Exploring Japan in San Francisco
San Francisco, California
I love exploring ethnic neighborhoods in North America – to see and eat new foods, gaze at signs in letters, read what I canâ€™t understand, and browse small shops filled with exotic gifts.
On a recent drive to San Francisco, I had planned to go to the cityâ€™s most famous neighborhood, Chinatown. A funny thing happened on the way, though. As I was driving across town, I became distracted by bilingual signs for a neighborhood I hadnâ€™t known existed, Japan Town.
I was lucky to find a parking space on Laguna Street. From there, I walked to Post Street and headed west. I was drawn like a magnet to the heart of Japan Town, the Peace Plaza on Post Street. Its concrete square is filled with carefully arranged stones and benches that surround a large pagoda constructed in the Japanese style.
The Peace Plaza divides the Nihonmachi (Japan Center) shopping mall into two parts. The east side of the mall is not as large or busy as the west side, but it should not be overlooked. Just to the right of the entrance from the plaza is Genji, a store of fine arts, antiques, and clothing in the Japanese tradition. I didnâ€™t have $4400.00 to drop on the Japanese tea ceremony furniture or even $50.00 for a blue-and-white ceramic vase, but I was able to part with $3.00 for a set of 40 sticks of incense. The staff still treated me like a valued customer, wrapping my modest purchase in tissue paper, fluting the tissue paper, and placing it carefully in a printed paper bag.
In the center of the shopping center there is a wooden bridge with artificial cherry trees on either side of it. Around the bridge towards the back of the center is a shop that sells precious stones of all shapes, colors and sizes. Upstairs are four more places of note: the Kabuki karaoke bar; Ichiban Kan, a discount store with Japanese beauty products and housewares; and two restaurants – Takara and Mifune Don.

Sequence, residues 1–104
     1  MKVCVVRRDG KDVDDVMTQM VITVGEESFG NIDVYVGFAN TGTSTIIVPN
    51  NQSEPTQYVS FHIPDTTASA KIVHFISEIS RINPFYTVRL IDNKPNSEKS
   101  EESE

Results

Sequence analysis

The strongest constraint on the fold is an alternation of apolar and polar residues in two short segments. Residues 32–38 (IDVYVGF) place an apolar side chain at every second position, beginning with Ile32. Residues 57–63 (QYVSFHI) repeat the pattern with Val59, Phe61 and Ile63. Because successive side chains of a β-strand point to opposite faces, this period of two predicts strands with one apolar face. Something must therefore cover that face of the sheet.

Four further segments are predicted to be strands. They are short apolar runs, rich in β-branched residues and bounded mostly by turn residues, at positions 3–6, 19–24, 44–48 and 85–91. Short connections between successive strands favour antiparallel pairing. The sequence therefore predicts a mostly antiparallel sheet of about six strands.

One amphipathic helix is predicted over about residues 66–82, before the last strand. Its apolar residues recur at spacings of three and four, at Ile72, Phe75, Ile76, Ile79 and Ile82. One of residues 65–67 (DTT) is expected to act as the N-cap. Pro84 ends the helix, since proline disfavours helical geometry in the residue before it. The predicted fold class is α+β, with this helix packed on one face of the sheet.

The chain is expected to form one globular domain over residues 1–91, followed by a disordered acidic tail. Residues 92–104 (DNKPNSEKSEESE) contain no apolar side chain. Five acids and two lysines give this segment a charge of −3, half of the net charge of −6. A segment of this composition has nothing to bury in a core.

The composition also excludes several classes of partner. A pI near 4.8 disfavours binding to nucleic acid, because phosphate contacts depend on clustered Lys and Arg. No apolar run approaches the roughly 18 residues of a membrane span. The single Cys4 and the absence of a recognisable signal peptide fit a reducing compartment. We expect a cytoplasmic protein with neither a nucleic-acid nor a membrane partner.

Takara was rated one of the top 100 restaurants in the Bay Area by the San Francisco Gate magazine, but it was a little out of my price range. Instead, I chose the more modest Mifune Don. In the glass case of plastic foods outside Mifune Don, I saw one my Japanese ESL students had told me about – okonomiyaki. Inside, the more detailed menu advertised it as â€œJapanese style pizzaâ€. My beef and egg okonomiyaki ($8.35) was round and small like a pizza and may have been baked in an oven, but to me it had a consistency more like an omelet than a pizza. It was topped with mayonnaise, a brown sauce that tasted vaguely like a thin barbecue sauce, and shavings of dried (possibly smoked) squid. It may not sound appetizing, but I assure you it was delicious.
After eating lunch and browsing Ichiban Kan, I went across the park to the west side of Nihonmachi. There were many more gift shops and restaurants. Ironically, the most popular restaurant seemed to be the authentic crepe place. Next to it was my treat of the day – Kinokuniya Bookstore. Kinokuniya is a San Francisco branch of a store in the Shinjuku district of Tokyo. As I walked around the aisles looking at the rows of comic books and stories written in Japanese characters, I felt I was back in Asia.
Across the street from the Peace Park is a cobblestone passageway (actually part of Buchanan Street) with more benches and Japanese stores. I was surprised to find a store that was not Japanese but Hawaiian – loha Warehouse, where I discovered beautiful clothes, an enchanting CD collection, and great Pidgin English books. Many people from Hawaii are of Japanese ancestry so I should not have been too surprised.
When I left the passageway, I walked back up Post Street towards Laguna and entered Sakai Co. Market, a grocery store specializing in Japanese products. The sushi was below expectation, but the rice cake filled with sweet red beans wasnâ€™t bad. I should point out that â€œrice cakeâ€ does not mean the dried puffed diet â€œtreatâ€ that tastes like sawdust. A rice cake in the Japanese sense of the English word is a chewy, sticky dessert made from sticky rice that has been ground or pounded, steamed, and then stuffed with things such as red bean paste. Like okonomiyaki, it may be an acquired taste for some. For me, acquiring that taste is part of the fun of exploring Japan Town.